THREE SHELLS IN THREE HOURS
On 8 November 1994, three shells landed in Livanjska Street in Sarajevo in just three hours. Six persons were injured; two died of shrapnel wounds. Lejla Hodzic was one of them. She was not more then 14 years old
Fikret Mujezinovic, witness in the Dragomir Milosevic trial
Fikret Mujezinovic first heard the whistle of a shell and seconds later, the explosion. It was the first of three projectiles that fell on Livanjska Street in Sarajevo in just three hours on 8 November 1994. The incident is listed in the indictment against General Dragomir Milosevic, charged with the shelling of Sarajevo and a sniper campaign against the civilians.
In his deeply moving testimony, Mujezinovic described how he "lunged towards the place where the shell had hit". Some people who were closer to the place of the impact were already helping some of the injured. As it happened, Mujezinovic ended up "helping Lejla". Lejla Hodzic was a girl of not more than 14 years, according to witness’s testimony. After her mother died and her father got killed she came every day to the Red Cross kitchen for food. Mujezinovic knew her from there as he was working as a cook in the kitchen.
When he picked the girl up to put her into a car, he said he had felt "something warm on his fingers". “It was the girl's brain. She was killed on the spot", Mujezinovic said and burst into tears. Nevsija Deljanin was also killed in the attack on Livanjska Street. According to the witness, the shrapnel "tore everything in her body".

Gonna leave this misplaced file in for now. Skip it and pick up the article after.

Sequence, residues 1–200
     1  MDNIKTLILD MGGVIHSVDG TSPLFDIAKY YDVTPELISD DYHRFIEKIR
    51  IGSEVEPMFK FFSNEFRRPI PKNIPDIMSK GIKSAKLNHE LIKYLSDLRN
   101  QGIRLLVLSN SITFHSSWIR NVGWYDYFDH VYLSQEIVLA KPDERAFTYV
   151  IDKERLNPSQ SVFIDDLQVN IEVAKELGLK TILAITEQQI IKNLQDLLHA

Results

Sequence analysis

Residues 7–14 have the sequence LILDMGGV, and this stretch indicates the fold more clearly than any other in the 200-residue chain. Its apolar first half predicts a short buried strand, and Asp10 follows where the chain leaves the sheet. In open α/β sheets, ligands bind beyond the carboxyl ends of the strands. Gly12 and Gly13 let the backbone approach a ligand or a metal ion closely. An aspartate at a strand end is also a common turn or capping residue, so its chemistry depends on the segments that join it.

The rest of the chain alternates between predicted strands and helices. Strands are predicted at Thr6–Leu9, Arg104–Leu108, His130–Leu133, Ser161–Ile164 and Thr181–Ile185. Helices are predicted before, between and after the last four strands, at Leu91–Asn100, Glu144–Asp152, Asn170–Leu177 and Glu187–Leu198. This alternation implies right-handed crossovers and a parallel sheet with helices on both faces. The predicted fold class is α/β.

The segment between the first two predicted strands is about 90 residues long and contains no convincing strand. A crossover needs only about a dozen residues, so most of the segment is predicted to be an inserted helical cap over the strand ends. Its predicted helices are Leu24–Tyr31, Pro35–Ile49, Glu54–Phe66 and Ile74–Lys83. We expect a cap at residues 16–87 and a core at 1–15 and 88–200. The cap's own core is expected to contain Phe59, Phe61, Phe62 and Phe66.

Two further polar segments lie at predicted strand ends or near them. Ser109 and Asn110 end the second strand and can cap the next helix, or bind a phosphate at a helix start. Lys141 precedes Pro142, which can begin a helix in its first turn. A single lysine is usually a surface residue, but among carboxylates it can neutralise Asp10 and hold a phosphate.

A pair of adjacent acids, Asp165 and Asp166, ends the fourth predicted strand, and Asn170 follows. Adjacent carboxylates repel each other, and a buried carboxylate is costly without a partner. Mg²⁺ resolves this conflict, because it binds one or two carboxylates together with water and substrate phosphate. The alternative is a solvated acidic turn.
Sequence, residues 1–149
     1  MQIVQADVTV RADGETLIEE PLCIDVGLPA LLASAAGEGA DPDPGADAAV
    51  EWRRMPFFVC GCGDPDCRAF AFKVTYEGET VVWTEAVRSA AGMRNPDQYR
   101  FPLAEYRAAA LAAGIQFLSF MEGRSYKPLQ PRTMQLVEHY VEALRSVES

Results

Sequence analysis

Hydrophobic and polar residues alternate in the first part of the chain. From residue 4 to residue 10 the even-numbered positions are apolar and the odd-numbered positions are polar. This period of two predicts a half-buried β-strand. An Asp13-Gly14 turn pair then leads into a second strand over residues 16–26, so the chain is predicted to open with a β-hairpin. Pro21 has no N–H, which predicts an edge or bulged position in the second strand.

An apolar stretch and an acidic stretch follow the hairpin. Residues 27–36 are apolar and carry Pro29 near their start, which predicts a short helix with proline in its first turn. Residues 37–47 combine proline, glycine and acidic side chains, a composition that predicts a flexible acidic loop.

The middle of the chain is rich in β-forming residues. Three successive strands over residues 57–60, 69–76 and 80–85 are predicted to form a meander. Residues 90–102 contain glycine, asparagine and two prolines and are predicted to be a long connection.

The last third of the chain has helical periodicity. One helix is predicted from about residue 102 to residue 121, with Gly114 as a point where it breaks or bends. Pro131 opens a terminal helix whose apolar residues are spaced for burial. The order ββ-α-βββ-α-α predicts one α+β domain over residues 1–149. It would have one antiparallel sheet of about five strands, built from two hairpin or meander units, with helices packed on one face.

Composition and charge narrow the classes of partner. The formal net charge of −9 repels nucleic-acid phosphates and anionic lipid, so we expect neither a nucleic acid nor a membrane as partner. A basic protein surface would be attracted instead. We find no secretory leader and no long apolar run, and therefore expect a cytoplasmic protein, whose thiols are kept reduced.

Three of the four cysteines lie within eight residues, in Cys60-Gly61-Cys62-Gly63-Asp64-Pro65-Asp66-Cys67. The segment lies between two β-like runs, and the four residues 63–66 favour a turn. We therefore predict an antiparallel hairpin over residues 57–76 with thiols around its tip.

One person was killed and one injured by two other shells that fell on same day between 5,30 and 6 p.m. Mujezinovic claims that there were no BH Army military targets in Livanjska Street apart from a military kitchen of the BH Army. Military positions were deployed at least 2 km from the place where the shells hit.
Mujezinovic claims that the shells came from the direction of Orlovac, an area controlled by the Bosnian Serb Army. The defense counsel showed the witness a report made by the UNPROFOR French Battalion after an on-site investigation. The report states that the shell "most likely came from an area controlled by the BH Army". The prosecution stated that "at the moment" it would not be challenging the authenticity of this report, noting however that it actually referred to the shells that hit after 5 p.m., and not the first shell that hit Livanjska Street.
Azra Cisic took the stand after Fikret Mujezinovic. On 18 June 1995 she was injured as she queued for water at the water pump in the Simon Bolivar School in Dobrinja, a district of Sarajevo. In her words, the water pump was considered to be "the safest pump in Dobrinja" because it was located in the light shaft, in between the walls of the torn-down school. Seven persons were killed and twelve injured in that shelling incident. Azra Cisic was wounded in the heel and upper leg.